Over the years, I’ve thought a lot about farming, and I’ve written a lot about it. I come from an extended farming family, and I care about many of the same things Berry cares about. I concur with him again and again. And yet, reading him, I could always feel my attention jibbing. Worse, I often felt an instinctive wariness, a native recoil, that grew more serious as the years went on. “What’s my problem?” I’d wonder. Those feelings all came flooding back while I was working my way through What I Stand On,1 the two volumes of Berry’s essays recently published by the Library of America.2
Rereading Berry, I realized that my attention tends to wander whenever he seems to believe he deserves my full attention. That happens all the time, or so I judge from the nature of the prose. A reader can tell the difference, I think, between a writer who owes it to himself to keep writing and one who feels he owes it to the welfare of his readers. Berry can be both kinds, often at the same time. I found myself wishing he’d written far more about sheep and mules and horse-farming and the actual character of the soil and far less about sex and science and faith and the principles of Robert E. Lee.
And, rereading Berry, I realized that most of his essays aren’t really essays. They’re disquisitions, extended arguments. I don’t often get around to agreeing or disagreeing with their author, because I’m too busy arguing with his prose. Berry derives his strength as a writer from contact with the earth, the more immediate, the better. All his life, he’s been a vigilant man of conscience. He’s capable of moving and inspiring readers, capable too, at times, of getting to the heart of a cultural or social problem. But he can also make you feel like you’re warming yourself at a bonfire of straw men and women. All too often I’m disturbed, to the point of physical unease, by the involuted, strangely patristic way his writing and thinking move, the grandeur of his modesty.3 He seems, to borrow a phrase from George Bernard Shaw, “too full of the validity of his remoter generalizations.”
Here’s an example of what I mean. Two versions of the first person—“I”—present themselves in Berry’s nonfiction. One kind you can hear in this sentence from The Unsettling of America, his “review” of modern agriculture: “I am writing this in the north-central part of Kentucky on a morning near the end of June.” It’s a fresh, welcome voice, and you’d think it would be ubiquitous in the literary productions of a man as devoted to outdoor work as Berry is.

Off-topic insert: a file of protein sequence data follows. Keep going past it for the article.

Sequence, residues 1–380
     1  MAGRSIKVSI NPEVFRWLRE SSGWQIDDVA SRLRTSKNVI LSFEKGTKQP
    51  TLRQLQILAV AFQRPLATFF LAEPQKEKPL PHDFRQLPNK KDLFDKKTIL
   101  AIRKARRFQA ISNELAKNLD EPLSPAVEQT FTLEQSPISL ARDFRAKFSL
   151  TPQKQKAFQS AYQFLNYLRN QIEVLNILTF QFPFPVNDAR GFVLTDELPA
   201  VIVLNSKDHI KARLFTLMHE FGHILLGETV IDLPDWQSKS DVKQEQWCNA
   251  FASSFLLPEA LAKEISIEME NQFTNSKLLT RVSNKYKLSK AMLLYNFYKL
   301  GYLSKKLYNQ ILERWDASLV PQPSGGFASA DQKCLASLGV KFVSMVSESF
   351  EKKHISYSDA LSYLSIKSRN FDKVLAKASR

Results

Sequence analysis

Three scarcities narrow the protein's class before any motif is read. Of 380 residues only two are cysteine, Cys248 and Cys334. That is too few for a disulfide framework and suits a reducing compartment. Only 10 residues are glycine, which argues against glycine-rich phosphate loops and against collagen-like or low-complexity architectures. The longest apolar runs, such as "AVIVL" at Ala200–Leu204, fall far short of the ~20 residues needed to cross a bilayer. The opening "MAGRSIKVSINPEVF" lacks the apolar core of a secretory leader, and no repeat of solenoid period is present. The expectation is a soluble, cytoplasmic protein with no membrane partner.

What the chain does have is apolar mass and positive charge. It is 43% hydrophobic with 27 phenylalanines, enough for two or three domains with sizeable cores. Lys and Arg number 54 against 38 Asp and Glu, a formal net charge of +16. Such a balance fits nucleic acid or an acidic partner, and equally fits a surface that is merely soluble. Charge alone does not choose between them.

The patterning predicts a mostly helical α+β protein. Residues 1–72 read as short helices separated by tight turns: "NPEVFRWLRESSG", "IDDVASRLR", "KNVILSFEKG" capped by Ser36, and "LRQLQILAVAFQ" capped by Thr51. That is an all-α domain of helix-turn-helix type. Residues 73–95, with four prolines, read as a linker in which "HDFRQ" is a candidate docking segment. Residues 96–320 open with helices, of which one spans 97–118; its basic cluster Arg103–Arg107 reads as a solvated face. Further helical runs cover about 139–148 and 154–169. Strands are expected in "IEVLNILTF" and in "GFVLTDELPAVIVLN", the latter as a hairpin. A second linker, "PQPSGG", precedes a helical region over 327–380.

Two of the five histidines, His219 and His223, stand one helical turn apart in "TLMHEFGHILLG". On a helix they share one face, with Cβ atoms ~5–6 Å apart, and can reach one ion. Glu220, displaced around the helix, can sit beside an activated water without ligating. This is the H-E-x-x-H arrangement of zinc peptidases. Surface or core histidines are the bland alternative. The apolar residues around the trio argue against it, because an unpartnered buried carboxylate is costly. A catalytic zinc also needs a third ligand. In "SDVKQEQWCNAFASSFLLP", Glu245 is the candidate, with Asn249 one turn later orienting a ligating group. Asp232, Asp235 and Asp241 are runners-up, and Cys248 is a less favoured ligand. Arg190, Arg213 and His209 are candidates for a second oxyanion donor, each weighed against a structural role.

But it’s not. The first person that dominates these essays is the logical first person, the “I” (and its plural “we”) whose job is to fence in the argument and shepherd the sheep who are supposed to be grazing on it. This is the first person that turns up in the phrase “as I have been trying to show” or “as I am perforce aware.” (That kind of “I” is all too easily replaced by the noxious “it will be observed that,” which Berry uses in a passage about farming with horses.)4 It’s tempting to excuse these things by saying that the value of Berry’s essays is moral, not literary. But to me that just means he often fails to do the first important job of a writer—“even” a nonfiction writer—which is to make sentences that breathe with the life of the body, even when that body happens to be thinking.
In The Long-Legged House—a collection of essays that includes the earliest work gathered in this new anthology—Berry seems to have devoured Thoreau whole, minus a few of his less digestible tics, like his often untrackable flights of Orientalism. Thoreau may be “a man of the rarest genius,” in Berry’s words, but he’s uneven. Some of his prose—the clearest, sharpest paragraphs of Walden, for instance—has been a wonderful influence on later writers, and some has been a terrible influence. Berry seems to have partaken of both. You can hear the clear echo of Concord in a passage in which he’s thinking about an old, abandoned house and the way his ancestors “had trickled off into oblivion”:
And I was more grateful for the silence of their departure than I would be for the lineage of a king. Not knowing who had planted the flowers there, I did not have to weep over them, or grow reminiscent, but could enjoy them as they were. I had them free as wildflowers.